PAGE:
By RANDY SPORTAK -- Calgary Sun
The only place Denyse Julien could find solace yesterday was the badminton court.
That's because that's the only time everyone at the national champioships at the Calgary Winter Club wasn't asking her one question: "Are you in or not?"
"A few people have asked me that," understated Julien moments after winning her semifinal match in women's singles. "I just say it looks like 60 percent."
All that Julien has done for her sport and this nation -- she's been to two Olympics and five, yes five, Commonwealth Games -- doesn't mean a thing in her hopes of competing in Sydney later this year.
That's because the International Badminton Federation and the Canadian Olympic Association have different requirements for a ticket to the big games.
Julien and teammate Charmaine Reid have both qualified under the IBF standards for singles play. However, they don't have that blessing from the COA.
But, they are COA approved for doubles play, yet haven't reached the IBF's standards in that discipline.
Then, to complicate matters, Badminton Canada announced yesterday that they both had reached the COA standards, but need to be accepted for the Olympic team that already sports five players -- Robbyn Hermitage, Milaine Cloutier, Kara Solmundson, Mike Beres, Brent Olynyk and Bryan Moody.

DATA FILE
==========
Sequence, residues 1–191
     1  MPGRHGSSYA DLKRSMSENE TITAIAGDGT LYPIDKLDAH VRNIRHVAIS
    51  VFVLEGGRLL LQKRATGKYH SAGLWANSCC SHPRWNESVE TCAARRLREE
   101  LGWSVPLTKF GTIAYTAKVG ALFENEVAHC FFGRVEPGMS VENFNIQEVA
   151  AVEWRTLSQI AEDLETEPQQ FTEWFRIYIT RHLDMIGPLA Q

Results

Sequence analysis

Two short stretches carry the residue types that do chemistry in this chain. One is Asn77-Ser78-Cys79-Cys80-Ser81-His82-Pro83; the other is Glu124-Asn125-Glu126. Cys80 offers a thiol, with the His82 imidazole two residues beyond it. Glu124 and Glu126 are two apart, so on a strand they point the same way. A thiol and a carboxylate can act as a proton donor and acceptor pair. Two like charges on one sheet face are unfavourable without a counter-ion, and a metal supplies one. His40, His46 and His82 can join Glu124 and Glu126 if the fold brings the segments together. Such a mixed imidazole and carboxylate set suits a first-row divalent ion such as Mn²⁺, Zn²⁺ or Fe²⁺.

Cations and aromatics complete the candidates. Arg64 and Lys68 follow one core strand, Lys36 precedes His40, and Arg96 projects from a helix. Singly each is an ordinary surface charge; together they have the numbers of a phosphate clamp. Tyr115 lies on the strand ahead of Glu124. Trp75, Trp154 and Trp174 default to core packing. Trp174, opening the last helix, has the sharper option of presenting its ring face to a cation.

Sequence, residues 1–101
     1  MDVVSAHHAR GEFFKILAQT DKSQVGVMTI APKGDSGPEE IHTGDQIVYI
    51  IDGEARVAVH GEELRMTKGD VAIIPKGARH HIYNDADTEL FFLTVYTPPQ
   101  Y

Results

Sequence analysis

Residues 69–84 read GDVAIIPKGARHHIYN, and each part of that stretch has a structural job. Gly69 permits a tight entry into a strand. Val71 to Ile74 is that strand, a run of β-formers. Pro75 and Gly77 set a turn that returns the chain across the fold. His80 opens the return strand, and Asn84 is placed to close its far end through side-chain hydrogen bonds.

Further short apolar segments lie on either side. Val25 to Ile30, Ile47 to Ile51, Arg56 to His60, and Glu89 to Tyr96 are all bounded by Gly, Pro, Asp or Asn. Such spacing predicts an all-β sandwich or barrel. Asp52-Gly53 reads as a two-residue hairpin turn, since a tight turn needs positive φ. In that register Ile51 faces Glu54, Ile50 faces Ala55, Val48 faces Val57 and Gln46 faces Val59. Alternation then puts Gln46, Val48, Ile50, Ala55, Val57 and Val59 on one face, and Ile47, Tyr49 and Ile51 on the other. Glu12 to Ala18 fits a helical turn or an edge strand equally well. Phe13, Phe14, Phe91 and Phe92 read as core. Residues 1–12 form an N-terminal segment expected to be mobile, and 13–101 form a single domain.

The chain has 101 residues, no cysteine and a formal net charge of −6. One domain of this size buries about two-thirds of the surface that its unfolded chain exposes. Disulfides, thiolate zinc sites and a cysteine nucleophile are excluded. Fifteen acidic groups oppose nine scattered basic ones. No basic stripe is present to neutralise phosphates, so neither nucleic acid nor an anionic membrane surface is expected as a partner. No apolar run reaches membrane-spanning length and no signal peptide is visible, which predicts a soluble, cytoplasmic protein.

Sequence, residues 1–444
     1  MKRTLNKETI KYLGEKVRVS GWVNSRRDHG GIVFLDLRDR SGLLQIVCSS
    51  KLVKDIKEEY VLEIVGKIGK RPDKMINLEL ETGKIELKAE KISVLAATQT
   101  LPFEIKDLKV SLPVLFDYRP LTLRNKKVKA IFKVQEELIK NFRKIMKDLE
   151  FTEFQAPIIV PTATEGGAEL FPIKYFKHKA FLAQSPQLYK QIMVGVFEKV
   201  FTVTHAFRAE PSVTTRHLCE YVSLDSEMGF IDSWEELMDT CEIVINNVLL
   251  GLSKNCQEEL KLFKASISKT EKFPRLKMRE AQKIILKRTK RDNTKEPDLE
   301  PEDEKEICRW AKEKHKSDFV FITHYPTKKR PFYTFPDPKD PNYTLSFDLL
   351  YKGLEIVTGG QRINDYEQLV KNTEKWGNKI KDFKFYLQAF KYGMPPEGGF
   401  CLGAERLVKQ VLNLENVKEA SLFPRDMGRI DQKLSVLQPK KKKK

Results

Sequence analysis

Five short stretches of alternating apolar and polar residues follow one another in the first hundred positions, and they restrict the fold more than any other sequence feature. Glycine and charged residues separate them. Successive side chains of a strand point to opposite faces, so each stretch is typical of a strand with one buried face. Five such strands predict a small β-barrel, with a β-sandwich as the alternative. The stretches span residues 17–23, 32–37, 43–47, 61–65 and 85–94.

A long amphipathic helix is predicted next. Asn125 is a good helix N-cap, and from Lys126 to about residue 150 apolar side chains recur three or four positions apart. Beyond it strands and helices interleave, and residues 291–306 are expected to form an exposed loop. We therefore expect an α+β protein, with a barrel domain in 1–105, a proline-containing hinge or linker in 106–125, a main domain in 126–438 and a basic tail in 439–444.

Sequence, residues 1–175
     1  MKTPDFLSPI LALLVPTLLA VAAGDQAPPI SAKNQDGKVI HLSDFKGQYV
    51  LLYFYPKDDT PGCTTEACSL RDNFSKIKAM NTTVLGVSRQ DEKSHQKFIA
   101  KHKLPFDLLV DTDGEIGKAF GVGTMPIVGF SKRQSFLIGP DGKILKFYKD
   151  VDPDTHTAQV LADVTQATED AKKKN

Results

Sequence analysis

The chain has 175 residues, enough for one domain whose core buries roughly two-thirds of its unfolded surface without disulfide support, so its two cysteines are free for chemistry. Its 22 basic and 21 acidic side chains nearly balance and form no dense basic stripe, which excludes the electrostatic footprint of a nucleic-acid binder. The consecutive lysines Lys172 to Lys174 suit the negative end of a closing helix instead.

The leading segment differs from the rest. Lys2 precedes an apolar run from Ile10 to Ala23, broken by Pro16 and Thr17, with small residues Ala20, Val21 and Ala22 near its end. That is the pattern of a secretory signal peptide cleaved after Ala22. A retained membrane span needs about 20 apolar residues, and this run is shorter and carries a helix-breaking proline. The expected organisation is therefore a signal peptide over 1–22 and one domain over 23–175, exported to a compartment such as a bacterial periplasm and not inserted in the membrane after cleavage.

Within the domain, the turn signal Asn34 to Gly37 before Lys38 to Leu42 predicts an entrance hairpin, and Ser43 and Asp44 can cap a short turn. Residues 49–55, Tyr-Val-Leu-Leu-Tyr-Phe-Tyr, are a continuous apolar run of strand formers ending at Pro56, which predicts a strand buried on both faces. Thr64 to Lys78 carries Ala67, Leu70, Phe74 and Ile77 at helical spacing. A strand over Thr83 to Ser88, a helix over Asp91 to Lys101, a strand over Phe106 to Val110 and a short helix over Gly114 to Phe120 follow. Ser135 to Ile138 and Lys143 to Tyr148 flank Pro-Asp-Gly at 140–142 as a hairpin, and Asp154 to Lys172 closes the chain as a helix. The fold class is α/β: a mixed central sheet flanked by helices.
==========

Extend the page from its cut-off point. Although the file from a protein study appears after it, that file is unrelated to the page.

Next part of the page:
"Whoever made the standards in the COA, made it very difficult," said Julien, arguably the best women's singles player in The Americas. "Maybe they should revise something or take more things into consideration. It's already hard to qualify through the IBF.
"It's the first time Canada has done this. In countries like Peru and the United States, if you reach the IBF standards, you're in."
Now, Julien and Reid are trying to convince both bodies that they should go. The easier to sway should be the COA, since that group simply has to give its blessing to them based on their IBF singles rankings and they could compete in both events.
Julien, who at 40 is still among the best in the world, has two reasons to push extra hard for one more Olympic trip.
Obviously the end is in sight. But, more importantly, she wants to get a bitter taste of the Atlanta games in 1996 out of her mouth.
"I didn't like Atlanta. Barcelona I loved," said Julien, who reached the final 16 at both events. "The bomb took away the Olympic spirit. Three times I was in bomb alert situations and just freaking.
"So, it wasn't fun for me."
A decision is expected on Monday, but Julien doesn't expect to lose sleep waiting.
"If this would be my first Olympics I'd be nervous. But because this would be my third, it's not the same."
Julien reached today's final by beating Julia Chen 11-5, 11-2. In the other women's singles final Reid beat Solmundson 10-11, 11-8, 11-5.
Today's final action begins at noon.